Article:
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- understanding academic writing – starting the PhD
- starting the PhD? 25 things to consider
- ruthlessly realistic with annual plans
- making the most of research leftovers
- revision – the “make it better” exercise
- recycling your thesis text – is it self plagiarism?
- missing working at work?
- “showing” and “telling” in the thesis
- should you publish during your PhD?
- does a thesis conclusion have “recommendations”?
- can you say something about the “theory chapter”?
- The up in writing
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- understanding academic writing - starting the PhD
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- starting the PhD? 25 things to consider
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Category Archives: abstracts
Most journals don’t expect an abstract to be written in a particular format. But some do. They require writers to follow a particular format – a pre-structured template. These templates – structured abstracts as they are called – are specifically … Continue reading
I work a lot with tiny texts. Abstracts. Storyboards. Story threads. Lines of argument. Tiny texts are my academic writing tool of choice. If I had to abandon all the other writing strategies I have in my repertoire, this is … Continue reading
You’ve finally finished your data generation and analysis. What next? Oh, it’s the big text… but working out how to move now, working out how to structure the thesis … well it can feel a bit like trying to fight your … Continue reading
Jonathan Downie is a conference interpreter, researcher and writer based in Edinburgh, Scotland. His PhD was at Heriot-Watt University and examined stakeholder expectations of interpreters. He recently passed his viva. He tweets as @jonathanddownie. Dear Person Who Wrote This Abstract, I know … Continue reading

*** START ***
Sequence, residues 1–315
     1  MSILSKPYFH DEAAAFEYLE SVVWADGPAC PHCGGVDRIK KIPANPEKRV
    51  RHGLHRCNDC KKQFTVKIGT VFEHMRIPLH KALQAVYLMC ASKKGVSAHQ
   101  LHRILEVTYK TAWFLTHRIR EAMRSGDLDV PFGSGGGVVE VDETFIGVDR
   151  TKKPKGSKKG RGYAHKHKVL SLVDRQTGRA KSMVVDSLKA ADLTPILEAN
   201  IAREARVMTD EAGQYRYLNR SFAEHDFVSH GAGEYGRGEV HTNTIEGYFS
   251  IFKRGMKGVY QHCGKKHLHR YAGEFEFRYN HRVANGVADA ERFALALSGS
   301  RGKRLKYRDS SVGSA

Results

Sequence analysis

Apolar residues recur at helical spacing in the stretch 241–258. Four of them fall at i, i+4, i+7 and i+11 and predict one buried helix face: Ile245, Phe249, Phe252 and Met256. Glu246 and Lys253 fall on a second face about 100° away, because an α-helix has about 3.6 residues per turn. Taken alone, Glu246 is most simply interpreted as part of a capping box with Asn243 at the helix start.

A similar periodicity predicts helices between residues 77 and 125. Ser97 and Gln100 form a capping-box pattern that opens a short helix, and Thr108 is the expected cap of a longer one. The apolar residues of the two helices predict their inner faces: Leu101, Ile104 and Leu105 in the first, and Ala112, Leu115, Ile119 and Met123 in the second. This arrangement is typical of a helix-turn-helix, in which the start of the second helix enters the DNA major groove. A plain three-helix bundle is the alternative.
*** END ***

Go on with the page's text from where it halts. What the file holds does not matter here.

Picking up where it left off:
I’m sure I’m not the only one who finds it excruciatingly irritating to be in the middle of streaming a video or music and the computer stops and spins its little wheel while it downloads more data. Download download, sigh. And it always happens during the … Continue reading
another of those posts where I talk about my own practice… I’m currently engaged in several bits of co-writing. They are not the talk-and-write-together model that I do with Barbara. No, these are variations on the write-together-write-separate process. Because this … Continue reading
The thesis abstract is the first thing that your examiner reads. It sets the tone of what is to come. On the basis of the abstract alone, before they start the text proper, the examiner will form some expectations about … Continue reading
I had an email recently from an early career researcher who’d just had an abstract for a conference knocked back. When they asked for feedback, they were shocked by what they read. Presumably assuming that the writer would never see … Continue reading
We began today by looking at the abstract again – the Tiny Text – and then went on to think about titles. After some paired discussion of the potential titles and a bit of work on some volunteers’ abstracts and … Continue reading